Even with full length resizing & a small base resizing die, you will sometimes get a deformed case head that will cause it not to chamber. I almost always have a few rounds out of every session like this from them hitting a post or the concrete floor at my range.

ArchAngelCD
February 23, 2013, 11:20 AM
You don't need small base dies but they won't hurt. It sounds like a headspace problem so it's not the brass, it's the reloader. Nothing wrong with replacing the springs but the springs have nothing to do with the round not firing unless a spring is broken. I replaced all the springs in both my Garands with the kit sold by Wolff and I was very happy with the results.

Something is very wrong with the brass sizing if the round will not fire but I have serious doubts it's a Winchester problem...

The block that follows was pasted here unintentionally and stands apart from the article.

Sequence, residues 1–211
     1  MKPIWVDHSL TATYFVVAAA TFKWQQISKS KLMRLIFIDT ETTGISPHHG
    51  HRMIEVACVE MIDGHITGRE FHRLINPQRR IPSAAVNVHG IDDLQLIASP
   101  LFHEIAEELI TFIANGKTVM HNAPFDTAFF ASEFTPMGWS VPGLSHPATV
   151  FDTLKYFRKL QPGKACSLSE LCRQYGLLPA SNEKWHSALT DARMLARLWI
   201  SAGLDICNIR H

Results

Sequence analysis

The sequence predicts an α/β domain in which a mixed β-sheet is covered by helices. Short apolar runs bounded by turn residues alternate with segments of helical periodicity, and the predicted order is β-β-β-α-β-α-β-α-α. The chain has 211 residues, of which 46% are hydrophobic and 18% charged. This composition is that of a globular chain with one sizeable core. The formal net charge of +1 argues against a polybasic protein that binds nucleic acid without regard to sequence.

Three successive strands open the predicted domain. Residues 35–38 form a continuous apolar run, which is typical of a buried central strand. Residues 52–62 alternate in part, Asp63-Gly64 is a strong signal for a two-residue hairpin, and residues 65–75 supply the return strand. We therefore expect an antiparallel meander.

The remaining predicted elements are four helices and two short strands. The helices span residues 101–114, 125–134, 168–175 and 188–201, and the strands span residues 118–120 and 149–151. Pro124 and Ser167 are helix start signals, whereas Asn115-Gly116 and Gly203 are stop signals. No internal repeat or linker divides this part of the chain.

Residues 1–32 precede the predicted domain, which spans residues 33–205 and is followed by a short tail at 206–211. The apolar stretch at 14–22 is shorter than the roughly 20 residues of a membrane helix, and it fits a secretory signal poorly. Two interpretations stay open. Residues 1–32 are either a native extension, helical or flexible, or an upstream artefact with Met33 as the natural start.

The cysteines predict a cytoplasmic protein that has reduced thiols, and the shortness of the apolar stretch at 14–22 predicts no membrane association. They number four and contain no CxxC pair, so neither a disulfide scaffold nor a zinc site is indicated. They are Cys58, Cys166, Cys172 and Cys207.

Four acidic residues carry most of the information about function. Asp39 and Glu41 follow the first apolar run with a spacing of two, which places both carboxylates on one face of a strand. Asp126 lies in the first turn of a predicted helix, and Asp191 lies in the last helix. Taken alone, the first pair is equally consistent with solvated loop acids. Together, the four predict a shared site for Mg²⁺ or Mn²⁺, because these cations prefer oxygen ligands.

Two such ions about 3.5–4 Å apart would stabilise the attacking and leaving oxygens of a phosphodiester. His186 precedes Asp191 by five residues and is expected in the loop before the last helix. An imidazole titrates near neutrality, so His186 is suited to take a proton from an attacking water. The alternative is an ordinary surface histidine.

Trent
February 23, 2013, 11:56 AM
You don't need small base dies but they won't hurt. It sounds like a headspace problem so it's not the brass, it's the reloader. Nothing wrong with replacing the springs but the springs have nothing to do with the round not firing unless a spring is broken. I replaced all the springs in both my Garands with the kit sold by Wolff and I was very happy with the results.

Something is very wrong with the brass sizing if the round will not fire but I have serious doubts it's a Winchester problem...

If the round bulges by the web, you do need a small base die to get that part back in shape.

I ran across this on 8mm recently and had to pull / resize 200 of them. The cheap Lee full length sizer wasn't touching the bottom 3/8" of the case, which was bulging in a partially unsupported chamber on a Yugo M76. I picked up a Redding small base sizer and that gets all the way down to the web.